Student at Chapman University, Orange, CA
ABeginner’s View of Alternative Assets
My name is James Beard, and I am an undergraduate student attending Chapman University pursuing a degree in Business Administration with an emphasis in Real Estate. As an intern for Phoenix American Financial Services, I am conducting market research pertaining to alternative assets in real estate.
As a fund administrator for alternative investment funds including DSTs, Phoenix has a unique perspective on the impact of the COVID-19 pandemic and recent events on this asset class. At Phoenix, we provide full-service fund administration and back-office support so that fund managers can concentrate on the areas where they add value.
While fund structures become increasingly complex and the cost of technology escalates, more and more funds are looking to be relieved of the expenses and difficulty that comes with employing and managing in-house teams performing non-core functions. That way, fund managers can focus on raising capital and acquiring assets while we take care of the rest.
Some of these services consist of but are not limited to…
- Fund accounting
- Financial reporting
- Tax processing
- Proxy services
- Phone support
- Transfer agent services
- Printing fulfillment
- Web portal access
- Tracking and reporting transactions and values for a portfolio (and sometimes individual assets within a portfolio)
- Calculation of NAV
- Shareholder management and financial communications
- Maintaining investor registry in a specialized software application
- Preserving financial books and records
Anything that doesn’t have to do with portfolio management, investment decision-making and sales can likely be outsourced to third party intermediaries like us. Fund managers benefit from the perspective, experience, knowledge, and depth of services only a fund administrator can provide.
Through the lens of a fund administrator, I will discuss the Biden administration’s stance on a 100-year-old tax deferral mechanism used by investors looking to acquire more real estate rather than cash out, as well as the growing trend of repurposing an existing structure for new use in order to maximize the rate of return on investment.
Background on 1031s
In the last 10 years, like-kind exchanges have accounted for 10-20% of all commercial real estate transactions. Like-kind created 100 years ago with the goal of aiding farmers to help them reorganize and improve their properties, combine acreage, acquire superior land, and lessen environmental impacts. One may dispose of an asset and use the proceeds to acquire a similar one of equal or greater value. In doing so, capital gain and depreciation recapture taxes may be deferred.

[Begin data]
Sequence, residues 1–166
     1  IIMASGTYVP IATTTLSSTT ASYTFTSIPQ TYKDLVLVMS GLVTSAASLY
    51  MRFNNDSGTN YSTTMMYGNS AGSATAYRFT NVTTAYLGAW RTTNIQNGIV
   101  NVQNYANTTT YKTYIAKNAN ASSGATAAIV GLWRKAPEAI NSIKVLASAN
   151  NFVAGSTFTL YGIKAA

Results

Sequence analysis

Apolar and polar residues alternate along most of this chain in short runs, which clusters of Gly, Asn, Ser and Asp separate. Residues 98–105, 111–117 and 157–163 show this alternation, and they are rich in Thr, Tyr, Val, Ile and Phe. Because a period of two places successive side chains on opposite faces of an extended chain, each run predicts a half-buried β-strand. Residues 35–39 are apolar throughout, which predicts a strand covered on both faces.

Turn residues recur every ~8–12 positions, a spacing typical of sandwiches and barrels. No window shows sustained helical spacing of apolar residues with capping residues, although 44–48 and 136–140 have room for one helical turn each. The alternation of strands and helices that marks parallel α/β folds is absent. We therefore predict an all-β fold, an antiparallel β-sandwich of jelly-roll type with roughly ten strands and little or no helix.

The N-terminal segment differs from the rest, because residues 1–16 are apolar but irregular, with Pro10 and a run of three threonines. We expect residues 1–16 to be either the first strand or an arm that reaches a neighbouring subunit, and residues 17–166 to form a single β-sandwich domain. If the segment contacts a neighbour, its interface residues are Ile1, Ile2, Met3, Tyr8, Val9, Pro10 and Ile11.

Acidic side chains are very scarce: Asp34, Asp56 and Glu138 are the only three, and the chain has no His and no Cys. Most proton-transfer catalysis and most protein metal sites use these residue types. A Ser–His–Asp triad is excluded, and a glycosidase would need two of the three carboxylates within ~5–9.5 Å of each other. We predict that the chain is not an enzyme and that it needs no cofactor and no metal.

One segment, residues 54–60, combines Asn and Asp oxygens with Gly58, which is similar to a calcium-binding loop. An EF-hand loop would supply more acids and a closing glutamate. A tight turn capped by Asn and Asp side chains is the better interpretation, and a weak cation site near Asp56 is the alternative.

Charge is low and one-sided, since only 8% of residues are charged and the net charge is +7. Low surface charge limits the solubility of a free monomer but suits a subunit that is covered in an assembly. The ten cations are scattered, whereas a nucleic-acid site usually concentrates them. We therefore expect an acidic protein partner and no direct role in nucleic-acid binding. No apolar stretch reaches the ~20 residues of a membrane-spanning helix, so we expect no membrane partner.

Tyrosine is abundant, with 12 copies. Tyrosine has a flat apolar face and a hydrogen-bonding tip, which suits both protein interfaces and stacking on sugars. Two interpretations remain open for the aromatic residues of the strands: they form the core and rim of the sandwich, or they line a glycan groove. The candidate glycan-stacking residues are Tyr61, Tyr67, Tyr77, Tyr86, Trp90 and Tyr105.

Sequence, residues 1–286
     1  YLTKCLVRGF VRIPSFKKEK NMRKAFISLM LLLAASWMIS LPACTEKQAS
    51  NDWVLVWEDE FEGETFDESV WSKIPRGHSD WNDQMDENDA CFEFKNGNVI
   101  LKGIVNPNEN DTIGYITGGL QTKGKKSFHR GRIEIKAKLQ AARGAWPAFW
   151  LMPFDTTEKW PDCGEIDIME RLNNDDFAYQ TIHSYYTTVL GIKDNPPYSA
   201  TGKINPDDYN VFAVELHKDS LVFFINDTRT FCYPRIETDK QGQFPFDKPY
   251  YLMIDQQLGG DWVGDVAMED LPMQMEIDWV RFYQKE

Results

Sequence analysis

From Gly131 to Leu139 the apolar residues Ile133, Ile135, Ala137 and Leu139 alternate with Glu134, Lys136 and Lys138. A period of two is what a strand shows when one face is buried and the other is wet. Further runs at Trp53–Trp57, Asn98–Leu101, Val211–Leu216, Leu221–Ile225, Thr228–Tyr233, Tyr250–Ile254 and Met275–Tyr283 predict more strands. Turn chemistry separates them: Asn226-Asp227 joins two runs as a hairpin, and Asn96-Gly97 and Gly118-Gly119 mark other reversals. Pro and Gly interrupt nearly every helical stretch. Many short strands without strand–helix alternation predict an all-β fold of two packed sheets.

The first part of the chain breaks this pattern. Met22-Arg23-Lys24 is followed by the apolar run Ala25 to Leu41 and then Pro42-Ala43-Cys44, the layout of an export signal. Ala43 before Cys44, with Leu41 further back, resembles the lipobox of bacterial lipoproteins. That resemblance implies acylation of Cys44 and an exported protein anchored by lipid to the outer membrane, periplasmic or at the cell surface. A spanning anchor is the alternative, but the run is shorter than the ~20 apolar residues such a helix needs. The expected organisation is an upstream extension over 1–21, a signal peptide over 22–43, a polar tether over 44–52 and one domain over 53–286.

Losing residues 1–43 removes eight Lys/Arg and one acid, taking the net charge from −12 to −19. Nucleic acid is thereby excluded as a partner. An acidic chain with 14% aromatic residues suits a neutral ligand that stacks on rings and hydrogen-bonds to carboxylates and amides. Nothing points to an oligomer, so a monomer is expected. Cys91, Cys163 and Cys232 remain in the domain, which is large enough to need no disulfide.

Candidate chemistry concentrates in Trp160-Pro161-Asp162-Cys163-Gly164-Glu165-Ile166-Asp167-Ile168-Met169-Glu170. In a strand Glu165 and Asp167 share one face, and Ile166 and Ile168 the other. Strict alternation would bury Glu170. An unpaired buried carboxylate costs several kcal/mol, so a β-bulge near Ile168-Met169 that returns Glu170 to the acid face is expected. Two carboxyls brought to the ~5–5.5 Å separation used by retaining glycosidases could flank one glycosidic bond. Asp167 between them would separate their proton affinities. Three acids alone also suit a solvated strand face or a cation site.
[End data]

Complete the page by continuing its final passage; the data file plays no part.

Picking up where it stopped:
When an investor uses the like-kind exchange, they…
- Make larger investments
- Generate more opportunities within a sector
- Readjust portfolios without needing to find enough cash to pay taxes
- Minimize the need for outside financing
- Trade up from duplexes to fourplexes, and then onto larger apartment complexes and multifamily communities
- Increase the supply of rental properties
- Build multi-generational wealth
- Provide an opportunity to narrow the growing wealth gap
Almost two-thirds (63%) of realtors have participated in a like-kind exchange. In 2021, it is estimated that like-kind exchanges will help individuals save $5.7 billion and help corporations save $2.3 billion. In 2020, they generated $3.2 billion in sales, and that number is expected to rise to $4 billion for 2021.
Section 1031 spurs real estate transactions, which…
- Stimulates the economy
- Encourages adaptive reuse
- Creates business for contractors, construction workers, building material suppliers, property managers, and companies that provide insurance, title inspection, accounting and legal services, and other real estate services
This provision is compelling to investors looking to acquire more real estate rather than cash out. Most people aren’t able to afford a new property after paying taxes on a property that was previously sold. Like-kind exchanges are a key component of the real estate investment market to small and mid-size investors, benefitting everyday investors by allowing them to increase income and net worth by temporarily deferring taxes on reinvested sales proceeds.
The benefits of like-kind exchanges apply to participants across the board:
- Any taxpayer (including landlords), investor, or person who owns real property held for use in business.
- Individuals and smaller investors owning single-family rentals, smaller retail properties, offices, apartments, farms, and forests.
- Local governments looking to conserve land for public benefit
- C and S corporations, GPs and LPs, LLCs, trusts, and other taxpaying entities
The great majority, 84%, of 1031 exchanges are carried out by smaller investors (primarily sole proprietors and S-Corps.) whose real estate holdings make up the largest portion of their net worth and are very important for retirement planning. It is estimated that 1 in 4 baby boomers own one or more investment properties.